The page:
By Diana Lomont, Editorial Contributor
If you’re overweight, shedding some pounds may improve your odds for enjoying a healthier, longer life. That’s because losing weight can lower your risk of heart disease, diabetes, stroke and certain types of cancer.
But as the 45 million Americans who go on a diet each year can attest, losing weight and keeping it off aren’t easy. Three Orlando Health doctors share their strategies and tips to help you succeed.
Dr. Andrew Nye
A family medicine physician with Orlando Health Physician Associates, Dr. Nye shed 55 pounds over five months, mostly by reducing his eating portions.
“Eighty-five to 90 percent of losing weight is cutting back on what you eat and drink. Ten to 15 percent of weight loss occurs from doing aerobic and weight-bearing exercise,” he says.
Since slimming down, Dr. Nye feels better overall, has increased energy, sleeps better and no longer suffers from aches and pains. “Every extra pound of weight adds two to four pounds of stress on the knees,” he says. Here are some strategies he recommends to his patients:
Take time to plan your meals so you don’t fall into the eating-out trap where you’re less likely to limit your calories. Dr. Nye often buys a rotisserie chicken from the grocery store and takes it home to enjoy with a little barbecue sauce and vegetables.
Don’t feel that you need to give up anything. Instead, treat yourself with small bites. To satisfy his ice cream craving, Dr. Nye enjoys a couple of tablespoons in a bowl after putting the container back in the freezer. It’s easier to avoid having more if he’s already put the ice cream away.
Keep yourself accountable by sharing your progress with a friend or weight-loss partner. Asking someone to reinforce your accountability can keep bad habits from creeping back in.
Exercise at least 30 minutes a day and incorporate some weight-bearing exercises. Building muscle mass helps your body burn fat.
Dr. Annette Cabiac
An internal medicine physician with Orlando Health Physician Associates, Dr. Cabiac says being ready to commit to a plan to lose weight made the biggest difference for her success in slimming down.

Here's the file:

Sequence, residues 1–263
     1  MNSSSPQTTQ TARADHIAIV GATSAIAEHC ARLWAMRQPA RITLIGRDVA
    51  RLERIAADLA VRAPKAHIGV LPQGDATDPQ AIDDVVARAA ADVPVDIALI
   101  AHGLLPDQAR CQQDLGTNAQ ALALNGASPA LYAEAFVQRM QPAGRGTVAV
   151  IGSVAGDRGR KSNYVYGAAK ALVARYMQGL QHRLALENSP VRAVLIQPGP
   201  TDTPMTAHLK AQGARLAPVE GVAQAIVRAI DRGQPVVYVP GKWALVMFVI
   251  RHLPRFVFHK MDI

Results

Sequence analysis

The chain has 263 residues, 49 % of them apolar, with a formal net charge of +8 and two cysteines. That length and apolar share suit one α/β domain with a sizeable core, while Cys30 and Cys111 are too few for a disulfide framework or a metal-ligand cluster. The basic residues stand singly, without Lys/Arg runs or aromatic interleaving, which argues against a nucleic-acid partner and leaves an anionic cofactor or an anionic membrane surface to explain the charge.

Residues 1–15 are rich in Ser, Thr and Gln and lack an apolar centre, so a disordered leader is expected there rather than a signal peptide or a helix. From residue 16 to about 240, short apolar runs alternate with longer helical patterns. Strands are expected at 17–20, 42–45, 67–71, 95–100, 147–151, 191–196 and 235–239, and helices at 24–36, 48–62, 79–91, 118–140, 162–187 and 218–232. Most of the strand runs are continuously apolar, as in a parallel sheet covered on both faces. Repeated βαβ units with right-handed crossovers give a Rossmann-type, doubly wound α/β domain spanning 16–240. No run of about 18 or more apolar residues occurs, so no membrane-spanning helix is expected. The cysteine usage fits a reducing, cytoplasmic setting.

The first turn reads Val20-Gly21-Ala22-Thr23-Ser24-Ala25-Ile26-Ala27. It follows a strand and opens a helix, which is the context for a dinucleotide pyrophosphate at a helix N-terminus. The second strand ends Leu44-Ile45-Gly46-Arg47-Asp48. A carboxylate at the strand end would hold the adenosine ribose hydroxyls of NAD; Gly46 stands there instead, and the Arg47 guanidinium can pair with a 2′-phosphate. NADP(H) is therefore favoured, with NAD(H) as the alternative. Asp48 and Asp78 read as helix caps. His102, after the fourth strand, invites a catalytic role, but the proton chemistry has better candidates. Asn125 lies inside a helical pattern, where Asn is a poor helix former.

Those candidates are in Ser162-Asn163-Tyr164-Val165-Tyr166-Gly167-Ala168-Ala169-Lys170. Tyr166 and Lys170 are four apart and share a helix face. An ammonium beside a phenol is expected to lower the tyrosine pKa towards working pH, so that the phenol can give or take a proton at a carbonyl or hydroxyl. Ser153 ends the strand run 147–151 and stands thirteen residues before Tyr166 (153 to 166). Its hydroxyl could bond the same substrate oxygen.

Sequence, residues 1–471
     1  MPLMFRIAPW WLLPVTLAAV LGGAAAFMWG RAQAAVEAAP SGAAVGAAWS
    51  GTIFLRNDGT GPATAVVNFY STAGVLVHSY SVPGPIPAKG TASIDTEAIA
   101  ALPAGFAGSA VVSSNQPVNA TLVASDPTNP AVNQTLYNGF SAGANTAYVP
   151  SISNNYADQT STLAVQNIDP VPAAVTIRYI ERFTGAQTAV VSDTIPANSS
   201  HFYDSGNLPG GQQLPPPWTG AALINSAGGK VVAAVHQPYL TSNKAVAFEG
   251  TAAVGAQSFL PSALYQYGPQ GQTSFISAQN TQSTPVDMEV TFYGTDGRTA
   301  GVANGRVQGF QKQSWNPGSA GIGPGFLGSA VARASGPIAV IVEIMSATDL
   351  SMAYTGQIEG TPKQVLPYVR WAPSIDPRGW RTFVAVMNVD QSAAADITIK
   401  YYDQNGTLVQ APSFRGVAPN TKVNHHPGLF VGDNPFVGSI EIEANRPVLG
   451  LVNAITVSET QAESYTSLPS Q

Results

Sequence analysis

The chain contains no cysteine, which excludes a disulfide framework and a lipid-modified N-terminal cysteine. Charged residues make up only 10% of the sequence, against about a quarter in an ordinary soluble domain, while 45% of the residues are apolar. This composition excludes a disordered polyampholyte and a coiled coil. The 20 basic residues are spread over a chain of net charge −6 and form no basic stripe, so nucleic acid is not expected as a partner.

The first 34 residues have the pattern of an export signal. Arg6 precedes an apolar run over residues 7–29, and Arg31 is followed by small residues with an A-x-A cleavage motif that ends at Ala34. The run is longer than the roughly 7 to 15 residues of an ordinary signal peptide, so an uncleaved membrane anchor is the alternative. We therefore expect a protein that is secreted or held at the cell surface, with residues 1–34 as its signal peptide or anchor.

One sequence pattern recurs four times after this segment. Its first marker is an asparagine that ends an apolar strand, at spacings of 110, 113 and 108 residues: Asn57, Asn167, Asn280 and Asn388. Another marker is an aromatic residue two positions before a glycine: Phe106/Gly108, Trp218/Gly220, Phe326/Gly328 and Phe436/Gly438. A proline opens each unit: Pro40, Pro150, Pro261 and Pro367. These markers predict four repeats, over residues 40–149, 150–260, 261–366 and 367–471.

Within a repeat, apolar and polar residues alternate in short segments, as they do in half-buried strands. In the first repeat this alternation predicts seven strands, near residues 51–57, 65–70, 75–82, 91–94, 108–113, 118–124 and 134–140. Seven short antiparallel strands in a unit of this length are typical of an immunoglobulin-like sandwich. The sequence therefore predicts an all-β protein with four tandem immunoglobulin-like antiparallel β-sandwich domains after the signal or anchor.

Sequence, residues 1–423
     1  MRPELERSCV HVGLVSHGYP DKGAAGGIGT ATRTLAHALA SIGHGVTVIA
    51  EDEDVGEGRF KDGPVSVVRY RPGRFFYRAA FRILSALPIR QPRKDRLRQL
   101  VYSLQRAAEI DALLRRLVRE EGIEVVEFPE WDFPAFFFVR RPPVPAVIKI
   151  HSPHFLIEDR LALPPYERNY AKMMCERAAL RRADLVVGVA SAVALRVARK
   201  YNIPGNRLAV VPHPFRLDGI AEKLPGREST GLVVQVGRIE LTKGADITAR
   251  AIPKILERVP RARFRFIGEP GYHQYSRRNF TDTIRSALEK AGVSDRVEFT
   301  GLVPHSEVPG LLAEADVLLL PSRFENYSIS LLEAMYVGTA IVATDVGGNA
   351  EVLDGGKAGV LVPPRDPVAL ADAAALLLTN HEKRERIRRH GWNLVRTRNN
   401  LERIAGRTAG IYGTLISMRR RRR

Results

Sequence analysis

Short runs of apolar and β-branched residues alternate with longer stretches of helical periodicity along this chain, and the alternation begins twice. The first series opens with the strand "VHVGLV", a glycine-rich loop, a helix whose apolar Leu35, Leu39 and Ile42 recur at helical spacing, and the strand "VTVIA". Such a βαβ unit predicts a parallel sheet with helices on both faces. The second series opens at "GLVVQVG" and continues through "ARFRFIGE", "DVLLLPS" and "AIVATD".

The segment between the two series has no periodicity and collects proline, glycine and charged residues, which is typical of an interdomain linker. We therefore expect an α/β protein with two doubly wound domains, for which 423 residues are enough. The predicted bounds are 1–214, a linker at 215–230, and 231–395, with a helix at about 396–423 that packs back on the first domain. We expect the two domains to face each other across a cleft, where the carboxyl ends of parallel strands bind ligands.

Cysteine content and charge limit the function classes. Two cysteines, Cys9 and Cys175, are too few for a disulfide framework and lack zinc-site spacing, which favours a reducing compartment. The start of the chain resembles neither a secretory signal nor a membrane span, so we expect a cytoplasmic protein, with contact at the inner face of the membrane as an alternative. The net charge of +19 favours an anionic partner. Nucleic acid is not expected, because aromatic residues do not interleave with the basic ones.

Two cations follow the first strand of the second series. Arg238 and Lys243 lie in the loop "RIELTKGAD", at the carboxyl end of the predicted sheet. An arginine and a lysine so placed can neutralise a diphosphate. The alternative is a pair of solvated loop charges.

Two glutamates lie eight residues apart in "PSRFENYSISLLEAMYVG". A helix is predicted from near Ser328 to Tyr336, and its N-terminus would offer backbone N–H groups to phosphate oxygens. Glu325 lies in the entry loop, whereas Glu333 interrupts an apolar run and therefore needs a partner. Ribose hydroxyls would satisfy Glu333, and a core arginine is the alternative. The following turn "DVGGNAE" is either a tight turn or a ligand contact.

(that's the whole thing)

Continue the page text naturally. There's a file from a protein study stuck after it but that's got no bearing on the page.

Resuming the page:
She offers these tips that worked for her:
Get rid of all calories in liquids by drinking water, unsweetened tea or no-calorie flavored water. “Americans drink thousands of calories a week,” says Dr. Cabiac. “Switching to water or no-calorie flavored water is a really easy switch.”
Think outside the box for activity and exercise. “I enjoy archery, which is a lot of fun and isn’t what most people think of as ‘exercise’,” she says.
Limit treats to once a week, which prevents indiscriminate snacking and gives you something to look forward to. Dr. Cabiac enjoys low-sugar protein snacks. “They’re filling and quick, and taste great!”
Avoid the breakroom. “I can control what foods I have at home, but I can’t control the food at work. Be upfront with your coworkers that you’d prefer not to be tempted.”
Dr. Antonio Crespo
After losing 15 pounds, Dr. Crespo, with Orlando Health Physicians Infectious Disease Group, made fitness a big part of maintaining a healthy weight. He kick-started his weight loss by following the South Beach Diet five years ago. Today, he uses some basic principles to stay in shape:
Stick with a plan that works for you. Dr. Crespo maintains a more structured eating plan during the work week when he watches his portions, limits carbs such as rice and takes note of calorie counts when available. During the weekend, he often loosens the rules to enjoy some treats or special meals.
Do some type of exercise that challenges you. For Dr. Crespo, it’s weekend bike rides on the West Orange and Clermont trails. On weekdays, it’s easier to go for a run and train for the half marathons he participates in. He also visits the gym a couple of times a week for strength training.
Open your mind to learning to like healthy foods. “You can learn to like to eat things you may not think you like,” says Dr. Crespo, who learned to like salmon and vegetables.
For more healthy living advice, go to OrlandoHealth.com/Wellness.